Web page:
Yeap... and mostly from your taxes. We worry about the estimated of IUU fishing in the pacific or worldwide, we ask developing countries to put resources and budgets they barely have into controlling DWFN fisheries in their own countries because their flag states can't be bother, while at the same they pump 20 billion USD into subsidies to support overfishing.
I have always sustained that if we could "kill" fisheries subsidies issues (and getting the licensing transparency area a bit better) the fisheries situation would be so much better, in a Pareto way, I blame 80% of the problems in today's fisheries on those 2 issues... and in particular subsidies. Rich nations spend more in subsidizing fisheries that the estimates losses of revenue from illegal fishing... Yes, the global cost of fisheries subsidies is way greater than the cost of IUU fishing. I wrote about it here.
Obviously, people that are way smarter than me and have better tools than I will ever have, seem to see a similar picture. The UN Commission on Trade and Development (UNCTAD), the Food and Agriculture Organization of the UN (FAO) and UN Environmental Program (UNEP) released 2 days ago a joint statement pointing out the astonishing estimated figure of 20 billion USD in capacity-enhancing subsidies that directly contribute to overfishing (out of a estimated 35 billion for all subsidies)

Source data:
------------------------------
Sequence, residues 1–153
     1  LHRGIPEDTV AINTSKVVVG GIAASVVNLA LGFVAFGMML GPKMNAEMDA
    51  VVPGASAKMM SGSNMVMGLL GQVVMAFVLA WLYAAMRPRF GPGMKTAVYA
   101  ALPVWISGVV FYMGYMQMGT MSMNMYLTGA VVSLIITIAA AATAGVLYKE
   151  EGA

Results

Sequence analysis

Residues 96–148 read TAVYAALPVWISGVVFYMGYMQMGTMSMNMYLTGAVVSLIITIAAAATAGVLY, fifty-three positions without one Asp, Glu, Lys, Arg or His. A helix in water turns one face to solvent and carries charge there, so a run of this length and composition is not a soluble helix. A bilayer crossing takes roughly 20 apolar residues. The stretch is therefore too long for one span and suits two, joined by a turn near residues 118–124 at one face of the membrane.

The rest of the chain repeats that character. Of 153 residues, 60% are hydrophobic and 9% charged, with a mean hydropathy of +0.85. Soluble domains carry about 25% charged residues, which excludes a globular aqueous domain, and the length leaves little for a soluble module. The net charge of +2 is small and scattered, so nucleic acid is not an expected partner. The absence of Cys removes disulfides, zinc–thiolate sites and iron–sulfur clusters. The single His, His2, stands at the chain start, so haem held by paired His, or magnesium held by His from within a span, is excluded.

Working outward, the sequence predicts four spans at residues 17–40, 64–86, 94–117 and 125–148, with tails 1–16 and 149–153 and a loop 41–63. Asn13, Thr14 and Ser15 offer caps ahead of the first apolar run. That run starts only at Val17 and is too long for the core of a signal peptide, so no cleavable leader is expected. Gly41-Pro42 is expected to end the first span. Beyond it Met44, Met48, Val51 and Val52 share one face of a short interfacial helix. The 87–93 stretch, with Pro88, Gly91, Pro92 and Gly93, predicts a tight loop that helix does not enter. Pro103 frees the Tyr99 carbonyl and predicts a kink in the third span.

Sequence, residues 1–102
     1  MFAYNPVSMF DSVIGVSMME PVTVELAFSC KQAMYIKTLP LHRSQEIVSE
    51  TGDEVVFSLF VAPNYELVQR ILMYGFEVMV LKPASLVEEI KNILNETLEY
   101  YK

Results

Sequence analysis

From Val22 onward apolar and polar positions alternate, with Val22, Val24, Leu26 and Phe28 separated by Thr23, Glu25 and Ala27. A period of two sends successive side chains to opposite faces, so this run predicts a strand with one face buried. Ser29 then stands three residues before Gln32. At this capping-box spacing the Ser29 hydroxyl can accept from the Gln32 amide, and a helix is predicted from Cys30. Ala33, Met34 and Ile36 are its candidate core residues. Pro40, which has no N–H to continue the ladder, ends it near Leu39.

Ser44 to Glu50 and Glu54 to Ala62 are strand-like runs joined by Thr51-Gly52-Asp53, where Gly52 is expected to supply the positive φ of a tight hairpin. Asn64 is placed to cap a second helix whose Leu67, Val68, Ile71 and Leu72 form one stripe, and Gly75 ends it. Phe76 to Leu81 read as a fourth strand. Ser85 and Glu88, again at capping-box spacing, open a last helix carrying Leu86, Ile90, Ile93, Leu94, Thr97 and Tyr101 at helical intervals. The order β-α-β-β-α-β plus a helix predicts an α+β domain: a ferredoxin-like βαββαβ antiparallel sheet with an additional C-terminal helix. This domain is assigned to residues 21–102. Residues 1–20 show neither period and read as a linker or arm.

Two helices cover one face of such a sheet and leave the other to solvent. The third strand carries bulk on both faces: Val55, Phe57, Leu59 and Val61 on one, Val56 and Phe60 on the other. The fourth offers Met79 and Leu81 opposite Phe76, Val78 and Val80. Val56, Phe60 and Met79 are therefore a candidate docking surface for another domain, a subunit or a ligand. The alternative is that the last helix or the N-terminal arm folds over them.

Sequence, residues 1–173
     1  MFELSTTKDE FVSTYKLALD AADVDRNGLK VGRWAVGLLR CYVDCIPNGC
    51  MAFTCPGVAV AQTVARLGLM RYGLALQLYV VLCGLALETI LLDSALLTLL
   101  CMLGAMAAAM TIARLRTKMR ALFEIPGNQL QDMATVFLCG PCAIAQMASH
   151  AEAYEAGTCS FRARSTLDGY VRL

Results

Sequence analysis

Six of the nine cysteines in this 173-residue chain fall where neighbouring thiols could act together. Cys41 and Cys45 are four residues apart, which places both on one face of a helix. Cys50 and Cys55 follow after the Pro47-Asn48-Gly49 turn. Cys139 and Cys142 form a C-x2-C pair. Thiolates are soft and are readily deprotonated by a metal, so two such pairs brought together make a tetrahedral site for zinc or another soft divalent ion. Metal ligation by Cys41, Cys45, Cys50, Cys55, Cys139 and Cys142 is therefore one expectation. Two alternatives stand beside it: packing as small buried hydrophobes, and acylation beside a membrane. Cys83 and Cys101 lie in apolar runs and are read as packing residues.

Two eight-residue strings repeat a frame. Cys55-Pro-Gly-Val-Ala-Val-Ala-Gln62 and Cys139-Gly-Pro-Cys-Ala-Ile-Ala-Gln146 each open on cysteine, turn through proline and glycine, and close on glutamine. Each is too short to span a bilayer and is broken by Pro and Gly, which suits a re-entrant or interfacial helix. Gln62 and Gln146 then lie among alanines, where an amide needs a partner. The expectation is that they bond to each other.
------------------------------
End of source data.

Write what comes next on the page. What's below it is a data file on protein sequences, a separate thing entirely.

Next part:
However, the issue of addressing and removing fisheries subsidies has been a complicated and thorny one. The lack of information concerning countries’ activities and comprehension of the magnitude and impact of such support are persistent problems. Another complication is that there are many types of subsidies.
Certain subsidies are associated with development actions focused on developing countries. As such, some subsidies, coupled with development programmes and effective management frameworks, could be instrumental in achieving Sustainable Development Goals (SGDs). A particular area of concern is the continuation of those subsidies that undermine sustainable development, as noted in the outcome document of the United Nations Conference on Sustainable Development, held in 2012.
Failure to address these subsidies will jeopardize the livelihoods of coastal populations, particularly in countries and communities most dependent upon fish production. Or more bluntly... just kill legitimate fishing.